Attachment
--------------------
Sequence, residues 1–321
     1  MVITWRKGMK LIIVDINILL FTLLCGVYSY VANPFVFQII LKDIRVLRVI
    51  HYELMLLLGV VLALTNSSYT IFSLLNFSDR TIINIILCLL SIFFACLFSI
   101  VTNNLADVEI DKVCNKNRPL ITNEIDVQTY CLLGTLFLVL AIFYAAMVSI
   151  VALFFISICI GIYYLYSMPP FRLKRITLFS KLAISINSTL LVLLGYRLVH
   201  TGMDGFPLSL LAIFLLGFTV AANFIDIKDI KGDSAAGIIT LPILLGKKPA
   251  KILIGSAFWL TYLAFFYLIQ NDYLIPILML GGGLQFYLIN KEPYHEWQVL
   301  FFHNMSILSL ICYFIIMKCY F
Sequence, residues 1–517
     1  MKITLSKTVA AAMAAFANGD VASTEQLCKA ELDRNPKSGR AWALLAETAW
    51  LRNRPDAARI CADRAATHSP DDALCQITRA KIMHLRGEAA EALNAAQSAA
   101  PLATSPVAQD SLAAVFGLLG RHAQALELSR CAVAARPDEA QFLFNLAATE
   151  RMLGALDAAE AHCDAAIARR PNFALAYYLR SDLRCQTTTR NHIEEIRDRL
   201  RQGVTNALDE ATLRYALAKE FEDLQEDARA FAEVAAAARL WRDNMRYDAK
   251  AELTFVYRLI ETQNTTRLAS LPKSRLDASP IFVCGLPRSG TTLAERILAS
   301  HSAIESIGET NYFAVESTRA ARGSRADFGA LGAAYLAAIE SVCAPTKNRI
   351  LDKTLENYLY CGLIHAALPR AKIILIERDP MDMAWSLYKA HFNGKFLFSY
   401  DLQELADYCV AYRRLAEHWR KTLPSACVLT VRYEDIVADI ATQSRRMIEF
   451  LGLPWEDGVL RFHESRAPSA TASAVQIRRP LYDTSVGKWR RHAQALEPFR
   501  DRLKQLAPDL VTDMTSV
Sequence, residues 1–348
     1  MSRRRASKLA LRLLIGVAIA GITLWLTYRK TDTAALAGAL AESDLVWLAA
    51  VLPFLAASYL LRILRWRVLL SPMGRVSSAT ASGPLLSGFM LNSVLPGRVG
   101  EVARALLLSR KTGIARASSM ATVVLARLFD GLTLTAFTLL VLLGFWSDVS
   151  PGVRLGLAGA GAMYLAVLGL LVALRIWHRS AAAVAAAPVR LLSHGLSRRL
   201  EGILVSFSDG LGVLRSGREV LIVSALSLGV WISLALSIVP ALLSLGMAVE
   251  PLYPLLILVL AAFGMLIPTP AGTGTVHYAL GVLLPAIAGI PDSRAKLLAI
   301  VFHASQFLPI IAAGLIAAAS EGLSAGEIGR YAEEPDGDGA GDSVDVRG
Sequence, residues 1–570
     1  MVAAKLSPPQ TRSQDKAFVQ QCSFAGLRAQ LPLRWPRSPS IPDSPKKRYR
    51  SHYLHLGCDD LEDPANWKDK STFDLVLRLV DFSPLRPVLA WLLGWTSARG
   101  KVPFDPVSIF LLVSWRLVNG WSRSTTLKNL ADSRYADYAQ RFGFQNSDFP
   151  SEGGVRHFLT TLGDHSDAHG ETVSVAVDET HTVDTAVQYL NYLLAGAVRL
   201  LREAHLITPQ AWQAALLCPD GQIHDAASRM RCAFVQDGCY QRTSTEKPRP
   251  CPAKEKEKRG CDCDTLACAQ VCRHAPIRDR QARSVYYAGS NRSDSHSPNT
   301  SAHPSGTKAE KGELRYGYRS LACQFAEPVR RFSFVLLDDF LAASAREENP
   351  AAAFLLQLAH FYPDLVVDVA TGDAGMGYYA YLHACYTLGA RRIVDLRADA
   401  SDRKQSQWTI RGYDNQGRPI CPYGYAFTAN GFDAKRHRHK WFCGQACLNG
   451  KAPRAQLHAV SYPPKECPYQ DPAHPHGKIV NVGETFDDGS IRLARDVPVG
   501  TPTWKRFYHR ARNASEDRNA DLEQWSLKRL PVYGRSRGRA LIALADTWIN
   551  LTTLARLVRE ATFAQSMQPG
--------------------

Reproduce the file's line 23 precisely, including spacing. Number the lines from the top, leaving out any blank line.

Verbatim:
    51  VLPFLAASYL LRILRWRVLL SPMGRVSSAT ASGPLLSGFM LNSVLPGRVG